L iE _.' 1 IE.:' -.LL

r-i E 1 F
:" : [111E i :' 11 '- LE l IT T 1 / I LL
'BY' Name


:' II I I I I i :F F EI E -. I

: II I I i
I-F I I F*1 'I1

..IE lii iii1

F :L -. FE 11i ,,,- F *:F

FE ET H -i -i.- i iT,:
hostvariablelist

Ii = E : '1- i ii






i. i FI
i E : ; i i' i '- i


L E : :[:,,_ .. . I i i

L'E1 :.1 'L .. . I'l I I' Ill I' L I I I'I
1 ,E . -i i-i III IZ, 1 I i i-


" L l I 1 .i "

" Lh : l ? I ."

"-E I "I J
" Lh : l ? I "
" CE I-.- "il












" E' :1 .- -- "
" .-E l .- .- "

" .L, ? "

"-LE :. --I i.



"'E :1.- -- "
" -E : l .I- "
L I l J,-,

L I l J,-,

L I l J,-,

E l_ J,. --

"I, .- -,

"I, .- -,

"I, .- -,



"I, .- -,
"I JIi'

LI J-i'

LI J-i'

LI J-i'


liii


liii

liii

liii

liii

liii



I fi I

I fi I

I fi I





















I IP. L I In

















ll .' L III -
F-L -



















E::[:
I i ii: i -L








I- I 111 11




















--.L l 1 1 L














_- r 1 1 1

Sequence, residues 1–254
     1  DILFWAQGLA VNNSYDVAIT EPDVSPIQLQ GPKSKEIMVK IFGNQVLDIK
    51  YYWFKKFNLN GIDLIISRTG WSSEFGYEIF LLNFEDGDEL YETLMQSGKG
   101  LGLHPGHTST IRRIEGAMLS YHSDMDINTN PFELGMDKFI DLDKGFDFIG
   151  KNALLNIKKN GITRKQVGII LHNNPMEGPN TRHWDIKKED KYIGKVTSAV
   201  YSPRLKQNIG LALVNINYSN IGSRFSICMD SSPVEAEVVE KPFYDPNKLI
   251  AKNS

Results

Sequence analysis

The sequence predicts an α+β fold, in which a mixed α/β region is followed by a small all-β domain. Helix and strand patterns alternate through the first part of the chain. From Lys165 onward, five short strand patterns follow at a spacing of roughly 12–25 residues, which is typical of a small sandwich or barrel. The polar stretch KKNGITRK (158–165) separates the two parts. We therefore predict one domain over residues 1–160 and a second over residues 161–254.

I ii'


1' 1 : L -- II


T.--L I 'm = T-- L I


T.-- m = = T- L 1


T.--- L 'm = T.- L 1


T.- 'm = T.- L 1


TI- Im I' L 1


T .- III ,' T L III
T .--,-- III


TI_-- 1m + IE-- :- r -iL


-,- iii I i-- : -i L
I -- r 1


IE::: '* F I i -





E :::, F I : r i


E ::- : :- F L





E::[:,".
- .[



I- i i HI ,i "
'I i I l


















' 111 I rI





' I- i ll l




I --i -I i lli l


I- 1 11 1 1 -


I I 111 l l
I I 1 1 1 1

II1 1 1
















' I I' i- L '
' II I sll -,














T [InlllTi

r .- r
I v sii'.



i,-RiF
SL


" I i i 1 1 "


" "


" "


" "


" ~-"

" "


" "




" "


11 11


11 11


11 11
++

11 11


11 11
++

11 11



















Appendix B. Grammar for Java Semantic Analyzer

~I'l' r l E'- 1 = "_h L- l "

Function+ '}'

"" ; ) *

Ir i .,- = ,l! l .i i "









"
'F_- 'r i L ' + = i: L 21i L i_

i: *l i ;

^ T_ t,:" [i ~,,,,- F- I, ,,,: = 1 L l i"
[I:! !L,,-=_E ' += "


1, i ji--


'final'? 'transient'?
'volatile'? Type Dcln
T I i


list

r


T _,, T_ T_ i T:. L l i :U ....~
' Dclns Statement+ '}'







', I' ) ? ) '. I I
i iifLI i . . r i i i
F r


(Expression)* list '+' ')'

I; I
' L i ['[ r i ' + I "l l ; E i 1